The Department for Transport (DfT) has said it will lobby the Treasury to provide a “long-term funding settlement” to help councils maintain local roads.

A House of Commons Transport Select Committee report on local roads funding earlier in the year suggested that the DfT should “propose a front-loaded, long-term funding settlement to the Treasury” so local authorities would be able to “address the historic road maintenance backlog”. That proposal came against the backdrop of an Asphalt Industry Alliance report in the spring, which said the one-time cost of fixing all the potholes in England and Wales would stretch to almost £10 billion.

In its response, which the select committee received earlier this month, the DfT said it would “work closely” with the Treasury and the Ministry for Housing, Communities and Local Government (MHCLG) to make sure the benefits of a longer-term funding settlement for local highways maintenance were “well understood”.

London street barricaded with Highway Maintenance vehicle and traffic cones

In its statement, the DfT said: “A long-term, consistent funding certainty for local highways maintenance is important to ensure that highway authorities can make effective decisions and to seek efficiencies through the supply chain.”

However the department also pointed out that funding was only part of the measures needed to maintain the nation’s roads. The DfT argued the case for “efficiencies”, including collaborating better with neighbouring authorities and making sure the correct materials are used, as well as using new technology and methods to fix roads.

In summary, the DfT said: “The Department for Transport is currently working on developing a good evidence base to ensure it submits a strong business case to HM Treasury as part of a future Spending Review. As part of this we are also working closely with MHCLG regarding Revenue Support Grant as the Committee advises.”

Road maintenance removes old asphalt with jackhammer

The Local Government Association (LGA), which represents councils and local authorities, welcomed the news, saying councils needed financial help to invest in infrastructure.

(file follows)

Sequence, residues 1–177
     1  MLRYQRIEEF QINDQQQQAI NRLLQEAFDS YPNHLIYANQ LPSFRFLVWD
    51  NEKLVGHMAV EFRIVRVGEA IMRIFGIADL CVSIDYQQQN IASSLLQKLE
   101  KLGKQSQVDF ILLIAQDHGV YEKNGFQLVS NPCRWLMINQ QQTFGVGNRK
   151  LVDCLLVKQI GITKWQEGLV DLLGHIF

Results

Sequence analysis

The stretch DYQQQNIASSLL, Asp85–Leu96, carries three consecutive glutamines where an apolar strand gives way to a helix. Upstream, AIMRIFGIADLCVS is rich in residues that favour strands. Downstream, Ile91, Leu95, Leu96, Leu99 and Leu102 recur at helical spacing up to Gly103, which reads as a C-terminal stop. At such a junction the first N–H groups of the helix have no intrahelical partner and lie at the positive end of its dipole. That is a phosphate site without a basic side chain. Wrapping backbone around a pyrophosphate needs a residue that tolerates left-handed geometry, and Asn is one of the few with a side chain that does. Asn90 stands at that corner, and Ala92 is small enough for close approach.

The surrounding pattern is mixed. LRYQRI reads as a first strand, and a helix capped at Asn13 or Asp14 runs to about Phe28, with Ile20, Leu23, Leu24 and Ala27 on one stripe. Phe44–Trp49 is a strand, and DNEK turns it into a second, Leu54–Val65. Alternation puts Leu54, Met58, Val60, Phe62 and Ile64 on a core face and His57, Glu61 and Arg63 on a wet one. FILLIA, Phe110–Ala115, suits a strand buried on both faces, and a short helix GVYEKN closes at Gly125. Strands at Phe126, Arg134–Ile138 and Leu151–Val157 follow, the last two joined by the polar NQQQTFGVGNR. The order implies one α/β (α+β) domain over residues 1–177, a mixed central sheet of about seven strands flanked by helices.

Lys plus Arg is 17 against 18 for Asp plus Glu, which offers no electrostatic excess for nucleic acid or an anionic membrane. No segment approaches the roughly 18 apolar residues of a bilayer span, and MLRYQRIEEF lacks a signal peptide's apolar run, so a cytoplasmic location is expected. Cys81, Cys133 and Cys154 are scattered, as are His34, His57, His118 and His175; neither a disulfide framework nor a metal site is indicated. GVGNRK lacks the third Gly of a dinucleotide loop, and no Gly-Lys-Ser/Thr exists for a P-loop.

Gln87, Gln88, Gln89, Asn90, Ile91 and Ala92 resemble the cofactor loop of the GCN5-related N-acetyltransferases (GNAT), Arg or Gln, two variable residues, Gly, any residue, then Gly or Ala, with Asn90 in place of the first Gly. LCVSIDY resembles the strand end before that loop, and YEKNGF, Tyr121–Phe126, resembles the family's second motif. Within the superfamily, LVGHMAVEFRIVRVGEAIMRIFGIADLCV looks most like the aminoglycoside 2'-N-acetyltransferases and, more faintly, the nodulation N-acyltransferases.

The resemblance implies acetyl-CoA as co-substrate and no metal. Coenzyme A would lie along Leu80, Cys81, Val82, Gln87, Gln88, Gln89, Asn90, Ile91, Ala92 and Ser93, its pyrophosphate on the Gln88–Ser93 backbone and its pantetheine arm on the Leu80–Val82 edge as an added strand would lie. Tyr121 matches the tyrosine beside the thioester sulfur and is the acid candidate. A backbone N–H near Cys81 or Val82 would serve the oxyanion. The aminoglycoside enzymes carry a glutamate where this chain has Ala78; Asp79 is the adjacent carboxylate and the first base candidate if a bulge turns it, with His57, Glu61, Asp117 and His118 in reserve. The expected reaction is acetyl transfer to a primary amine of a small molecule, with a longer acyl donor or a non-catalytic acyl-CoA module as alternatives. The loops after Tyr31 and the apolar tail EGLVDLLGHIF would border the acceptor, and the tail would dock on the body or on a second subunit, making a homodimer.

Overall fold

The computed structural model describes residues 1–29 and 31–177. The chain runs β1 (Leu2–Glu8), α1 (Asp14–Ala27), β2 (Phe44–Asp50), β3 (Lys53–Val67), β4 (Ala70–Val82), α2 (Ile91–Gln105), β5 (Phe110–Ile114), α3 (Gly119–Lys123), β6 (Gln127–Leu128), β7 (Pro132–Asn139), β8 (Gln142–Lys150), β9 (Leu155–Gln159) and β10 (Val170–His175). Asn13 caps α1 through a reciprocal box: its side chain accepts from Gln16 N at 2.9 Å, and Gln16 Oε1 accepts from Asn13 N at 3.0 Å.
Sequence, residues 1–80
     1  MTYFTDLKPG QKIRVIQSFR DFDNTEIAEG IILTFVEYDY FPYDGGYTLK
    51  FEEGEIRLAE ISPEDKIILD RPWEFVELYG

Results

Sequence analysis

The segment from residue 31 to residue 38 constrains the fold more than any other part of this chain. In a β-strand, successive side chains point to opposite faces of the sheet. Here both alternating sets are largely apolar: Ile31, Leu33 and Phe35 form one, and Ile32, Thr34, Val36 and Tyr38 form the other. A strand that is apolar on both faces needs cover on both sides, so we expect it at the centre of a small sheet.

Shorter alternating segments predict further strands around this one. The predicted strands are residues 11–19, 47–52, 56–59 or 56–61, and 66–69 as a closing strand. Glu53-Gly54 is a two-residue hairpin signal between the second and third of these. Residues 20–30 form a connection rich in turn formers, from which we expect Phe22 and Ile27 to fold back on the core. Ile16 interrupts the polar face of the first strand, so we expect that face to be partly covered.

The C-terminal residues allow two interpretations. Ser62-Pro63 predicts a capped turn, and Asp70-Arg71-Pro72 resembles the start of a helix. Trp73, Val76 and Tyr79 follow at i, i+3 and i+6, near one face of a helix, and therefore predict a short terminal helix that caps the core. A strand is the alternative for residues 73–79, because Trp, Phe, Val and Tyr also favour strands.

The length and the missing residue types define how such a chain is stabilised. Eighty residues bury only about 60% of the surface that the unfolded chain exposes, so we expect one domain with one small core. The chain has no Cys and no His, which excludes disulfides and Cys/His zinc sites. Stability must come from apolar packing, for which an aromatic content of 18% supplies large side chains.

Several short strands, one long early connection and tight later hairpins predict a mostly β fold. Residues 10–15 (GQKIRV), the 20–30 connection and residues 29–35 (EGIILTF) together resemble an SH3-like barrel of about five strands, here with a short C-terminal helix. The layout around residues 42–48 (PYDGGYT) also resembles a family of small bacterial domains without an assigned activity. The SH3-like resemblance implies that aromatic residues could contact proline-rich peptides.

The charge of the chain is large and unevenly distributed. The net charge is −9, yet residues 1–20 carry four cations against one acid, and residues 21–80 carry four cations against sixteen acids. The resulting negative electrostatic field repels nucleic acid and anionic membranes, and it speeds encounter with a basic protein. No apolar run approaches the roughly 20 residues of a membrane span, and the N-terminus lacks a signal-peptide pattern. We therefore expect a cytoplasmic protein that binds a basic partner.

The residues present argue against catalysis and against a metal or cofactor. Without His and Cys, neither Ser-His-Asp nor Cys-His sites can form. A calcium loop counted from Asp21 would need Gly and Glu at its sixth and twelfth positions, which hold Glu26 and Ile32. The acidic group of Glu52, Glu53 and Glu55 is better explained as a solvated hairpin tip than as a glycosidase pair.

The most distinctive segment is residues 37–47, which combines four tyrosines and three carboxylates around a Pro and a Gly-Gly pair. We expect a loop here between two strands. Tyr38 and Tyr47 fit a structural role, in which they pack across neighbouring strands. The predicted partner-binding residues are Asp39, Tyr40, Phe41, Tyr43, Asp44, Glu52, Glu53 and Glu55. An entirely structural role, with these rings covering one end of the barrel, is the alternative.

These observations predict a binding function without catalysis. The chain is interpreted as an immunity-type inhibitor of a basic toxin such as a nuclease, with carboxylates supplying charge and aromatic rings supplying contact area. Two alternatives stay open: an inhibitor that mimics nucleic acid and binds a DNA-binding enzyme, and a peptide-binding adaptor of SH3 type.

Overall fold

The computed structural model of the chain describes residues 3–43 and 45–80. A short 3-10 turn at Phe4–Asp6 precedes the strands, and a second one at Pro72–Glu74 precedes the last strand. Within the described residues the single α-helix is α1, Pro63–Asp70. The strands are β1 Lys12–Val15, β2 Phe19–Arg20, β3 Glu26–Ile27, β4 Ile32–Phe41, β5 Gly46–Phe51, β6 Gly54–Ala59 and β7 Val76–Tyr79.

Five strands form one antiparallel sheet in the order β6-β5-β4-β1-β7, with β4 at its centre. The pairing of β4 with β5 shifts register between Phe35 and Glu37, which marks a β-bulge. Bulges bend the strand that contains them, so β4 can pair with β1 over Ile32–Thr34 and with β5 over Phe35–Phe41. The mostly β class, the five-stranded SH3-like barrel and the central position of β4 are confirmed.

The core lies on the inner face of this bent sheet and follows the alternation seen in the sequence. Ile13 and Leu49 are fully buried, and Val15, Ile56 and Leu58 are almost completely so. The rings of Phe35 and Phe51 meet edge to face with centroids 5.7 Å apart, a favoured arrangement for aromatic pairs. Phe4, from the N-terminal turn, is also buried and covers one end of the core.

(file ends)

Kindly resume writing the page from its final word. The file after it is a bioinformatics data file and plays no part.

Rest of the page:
“It is good that the Department for Transport rightly backs our call for long-term roads funding for councils,” said the LGA’s transport spokesman, Cllr Darren Rodwell. “Councils are on the side of all road users and are working hard to try and keep our roads safe and resilient, and despite significant funding pressures, are fixing a pothole every 17 seconds.

“The government’s infrastructure strategy needs to provide stable, devolved infrastructure budgets to councils, in the same way as Highways England and Network Rail. Providing councils with a five-year funding allocation would mean they can invest in road maintenance and other infrastructure projects.”

Pothole repair roadworks

The RAC also expressed its pleasure at the DfT’s response, saying potholes were among drivers’ top concerns, and changes couldn’t “come soon enough”.

“For many years we have called for local authorities to be given the certainty of long-term funding to improve the roads under their control, so this is very welcome news,” said RAC head of roads policy Nicholas Lyes. “Drivers are still twice as likely to break down as a result of hitting a pothole in 2019 compared to 2006, and substandard roads is regularly one of drivers’ top concerns according to the RAC Report on Motoring - so any changes to improve the situation can’t really come soon enough.”

Upset driver inspecting wheel damaged from potholes